This article is great food for thought! Unless a “processed” photo is displayed at a photo gallery with a caption explaining how it was exposed & processed, I assume most viewers of photos have no way of knowing how an image was manipulated. Changing (“correcting” or becoming creative with) the color, contrast, cropping, all the rest… are photographs assumed to be documentary captures of the world as we see it? Are there similar debates comparing “realist” paintings versus abstract paintings? My cellphone photo editor has a magic eraser to remove distracting objects, including people!
I like the author’s self-imposed rule, drawing the line at not flipping the image 180 degrees, because the viewer wouldn’t be able to visit the location and find it. But others would draw the line at not adding contrast to the sky to help the clouds appear more dramatic. Again, great food for thought!
Thank you. It’s true that the viewer often has no way of knowing what was manipulated and how. Another of my personal rules is that it’s fine to clean up and remove objects that movable in real life. For example I’m happy to remove a car but not a telephone pole or a pylon.
I don’ have many rules, but I work in black and white for the most part, which is off-the-bat downright cheating: there is no black and white world. (But saying this, I suppose, might offend many photographers who regard black and white as the true expression of photography. It is easy to piss off other photographers, regardless of what you do.)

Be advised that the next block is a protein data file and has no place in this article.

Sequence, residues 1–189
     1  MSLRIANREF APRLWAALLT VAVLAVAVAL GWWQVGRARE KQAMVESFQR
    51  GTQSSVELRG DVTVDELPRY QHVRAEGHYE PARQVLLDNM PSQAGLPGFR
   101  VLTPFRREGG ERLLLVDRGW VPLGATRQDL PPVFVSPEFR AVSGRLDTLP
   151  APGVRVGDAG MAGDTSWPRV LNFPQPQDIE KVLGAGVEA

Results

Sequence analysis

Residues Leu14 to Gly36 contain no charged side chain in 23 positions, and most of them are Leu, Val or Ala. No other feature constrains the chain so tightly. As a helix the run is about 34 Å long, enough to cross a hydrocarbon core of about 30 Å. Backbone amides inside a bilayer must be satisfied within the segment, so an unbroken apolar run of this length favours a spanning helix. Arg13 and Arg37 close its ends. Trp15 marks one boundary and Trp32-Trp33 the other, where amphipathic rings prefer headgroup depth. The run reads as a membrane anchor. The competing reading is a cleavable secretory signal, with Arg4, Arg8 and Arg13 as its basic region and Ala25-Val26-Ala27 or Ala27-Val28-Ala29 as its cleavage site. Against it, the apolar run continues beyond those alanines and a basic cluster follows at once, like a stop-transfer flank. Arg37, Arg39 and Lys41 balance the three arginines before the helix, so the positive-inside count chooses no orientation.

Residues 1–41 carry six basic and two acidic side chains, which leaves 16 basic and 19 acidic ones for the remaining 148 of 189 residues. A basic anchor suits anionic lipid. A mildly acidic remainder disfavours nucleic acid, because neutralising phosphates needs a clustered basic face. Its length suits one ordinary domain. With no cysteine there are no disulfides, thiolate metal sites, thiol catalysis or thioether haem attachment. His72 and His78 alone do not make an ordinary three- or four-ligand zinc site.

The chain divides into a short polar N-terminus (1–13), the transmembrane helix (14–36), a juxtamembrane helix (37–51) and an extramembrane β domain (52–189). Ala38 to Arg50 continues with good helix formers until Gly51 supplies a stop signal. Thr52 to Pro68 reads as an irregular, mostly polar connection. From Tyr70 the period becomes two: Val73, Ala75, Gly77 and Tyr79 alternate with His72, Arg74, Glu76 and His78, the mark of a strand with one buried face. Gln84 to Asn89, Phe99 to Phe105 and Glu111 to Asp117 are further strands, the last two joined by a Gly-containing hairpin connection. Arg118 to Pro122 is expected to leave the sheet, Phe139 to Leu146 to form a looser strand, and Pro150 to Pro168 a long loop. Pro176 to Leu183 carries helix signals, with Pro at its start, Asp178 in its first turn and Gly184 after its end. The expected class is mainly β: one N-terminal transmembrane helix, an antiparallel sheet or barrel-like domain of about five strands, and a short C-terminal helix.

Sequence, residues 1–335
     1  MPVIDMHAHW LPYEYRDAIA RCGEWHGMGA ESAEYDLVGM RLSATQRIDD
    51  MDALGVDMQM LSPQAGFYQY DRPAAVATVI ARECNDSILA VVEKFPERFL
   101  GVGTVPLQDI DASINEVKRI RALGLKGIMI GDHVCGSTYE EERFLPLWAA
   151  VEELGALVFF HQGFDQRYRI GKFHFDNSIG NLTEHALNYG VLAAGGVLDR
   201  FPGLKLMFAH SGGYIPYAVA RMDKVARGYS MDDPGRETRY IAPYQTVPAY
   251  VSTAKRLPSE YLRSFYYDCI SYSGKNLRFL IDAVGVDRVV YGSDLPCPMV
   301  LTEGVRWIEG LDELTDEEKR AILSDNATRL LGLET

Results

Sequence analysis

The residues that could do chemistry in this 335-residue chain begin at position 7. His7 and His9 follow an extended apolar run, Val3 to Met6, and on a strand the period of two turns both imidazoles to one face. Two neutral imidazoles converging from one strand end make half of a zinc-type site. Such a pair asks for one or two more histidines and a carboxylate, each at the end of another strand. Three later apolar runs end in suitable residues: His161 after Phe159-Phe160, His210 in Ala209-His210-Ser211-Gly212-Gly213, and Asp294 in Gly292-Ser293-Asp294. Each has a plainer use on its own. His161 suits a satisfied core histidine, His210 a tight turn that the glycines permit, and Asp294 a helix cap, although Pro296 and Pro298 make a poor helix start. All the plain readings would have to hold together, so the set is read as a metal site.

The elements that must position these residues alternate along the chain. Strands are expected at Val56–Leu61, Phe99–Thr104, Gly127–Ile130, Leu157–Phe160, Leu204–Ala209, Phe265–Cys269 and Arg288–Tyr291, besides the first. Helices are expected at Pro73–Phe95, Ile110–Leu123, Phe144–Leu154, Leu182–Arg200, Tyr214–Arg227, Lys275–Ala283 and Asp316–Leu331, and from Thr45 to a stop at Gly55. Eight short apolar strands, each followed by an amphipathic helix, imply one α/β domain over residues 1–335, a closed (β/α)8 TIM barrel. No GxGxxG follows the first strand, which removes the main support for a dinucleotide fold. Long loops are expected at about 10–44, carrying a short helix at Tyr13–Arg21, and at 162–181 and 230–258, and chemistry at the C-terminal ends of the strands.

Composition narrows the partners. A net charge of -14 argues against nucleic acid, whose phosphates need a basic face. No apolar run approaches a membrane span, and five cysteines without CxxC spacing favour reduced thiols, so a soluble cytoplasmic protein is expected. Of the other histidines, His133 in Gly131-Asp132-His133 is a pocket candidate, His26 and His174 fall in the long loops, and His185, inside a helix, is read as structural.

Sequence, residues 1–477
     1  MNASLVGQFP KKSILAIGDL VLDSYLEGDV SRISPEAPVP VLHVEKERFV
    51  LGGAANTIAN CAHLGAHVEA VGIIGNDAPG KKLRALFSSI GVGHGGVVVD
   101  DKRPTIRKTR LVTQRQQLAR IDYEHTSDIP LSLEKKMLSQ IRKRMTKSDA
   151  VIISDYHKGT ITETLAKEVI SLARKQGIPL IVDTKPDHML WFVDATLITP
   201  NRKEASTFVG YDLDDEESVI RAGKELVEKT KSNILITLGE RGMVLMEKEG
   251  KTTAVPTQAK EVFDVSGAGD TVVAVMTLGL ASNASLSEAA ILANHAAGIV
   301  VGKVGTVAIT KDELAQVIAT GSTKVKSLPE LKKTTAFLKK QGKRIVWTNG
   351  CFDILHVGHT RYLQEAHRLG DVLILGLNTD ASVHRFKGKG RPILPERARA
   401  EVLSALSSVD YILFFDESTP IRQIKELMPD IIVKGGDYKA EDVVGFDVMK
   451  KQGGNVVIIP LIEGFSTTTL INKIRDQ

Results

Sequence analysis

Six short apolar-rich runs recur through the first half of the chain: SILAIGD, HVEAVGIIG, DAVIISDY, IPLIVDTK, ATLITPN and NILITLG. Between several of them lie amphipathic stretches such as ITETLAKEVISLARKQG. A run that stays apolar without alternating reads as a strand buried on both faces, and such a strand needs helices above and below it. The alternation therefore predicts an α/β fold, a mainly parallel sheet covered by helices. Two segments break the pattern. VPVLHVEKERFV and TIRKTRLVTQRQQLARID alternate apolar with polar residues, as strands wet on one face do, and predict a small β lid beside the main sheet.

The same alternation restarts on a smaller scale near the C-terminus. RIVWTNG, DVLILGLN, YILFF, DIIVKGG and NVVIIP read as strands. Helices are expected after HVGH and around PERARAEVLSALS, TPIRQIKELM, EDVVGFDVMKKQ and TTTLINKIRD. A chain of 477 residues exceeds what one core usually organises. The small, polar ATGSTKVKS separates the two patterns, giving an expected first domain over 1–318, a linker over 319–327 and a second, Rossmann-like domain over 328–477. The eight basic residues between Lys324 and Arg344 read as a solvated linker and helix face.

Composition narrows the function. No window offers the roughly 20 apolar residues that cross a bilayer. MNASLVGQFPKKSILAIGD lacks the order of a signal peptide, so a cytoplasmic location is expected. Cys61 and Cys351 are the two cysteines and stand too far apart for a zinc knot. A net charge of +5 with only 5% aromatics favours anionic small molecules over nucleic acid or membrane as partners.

In landscape that corresponds to a recognizable place, I do not flip, precisely for the reason you have outlined. I also do not alter the shapes and heights of mountains, compress or expand the landscape, do not add elements that are not present. I don’t want anyone to get lost because of me 😉 but I must confess that I do get rid of distractions (poles, boxes, manure, some fences etc).
Some photographers state clearly on their websites which types of modifications they make, and which they don’t make, on their photos. I think it’s a good idea I might adopt eventually, when I get to it. Being upfront about what we do does not hurt anyone and avoids disappointments.
Thanks for sharing. I tend to remove distractions and anything that isn’t permanent in the landscape. I’m glad I didn’t ask how much processing is cheating and only gave the cropping and fliping example. I can see this is an even deeper subject than I thought from the comments people have shared. I hadn’t even considered the B&W example.
Dear Robin, excellent images as usual. I entirely agree that flipping the image is a step too far; all the other operations you mention seems perfectly legitimate and logical. Let’s start with a simpler question: is choooting black and white a form of cheating? Clearly the scene you see is in color. If so, does a person suffering of daltonism cheat? My point is that a landscape picture is always an interpretation of the scene you see, rather than the scene itself. Contrast is subjective and our brain feels free to add or subtract it (unconsciously). The contrast of an out-of-camera jpeg is an interpretation , even though an automatic and impersonal one; neither more nor less valid than your interpretation.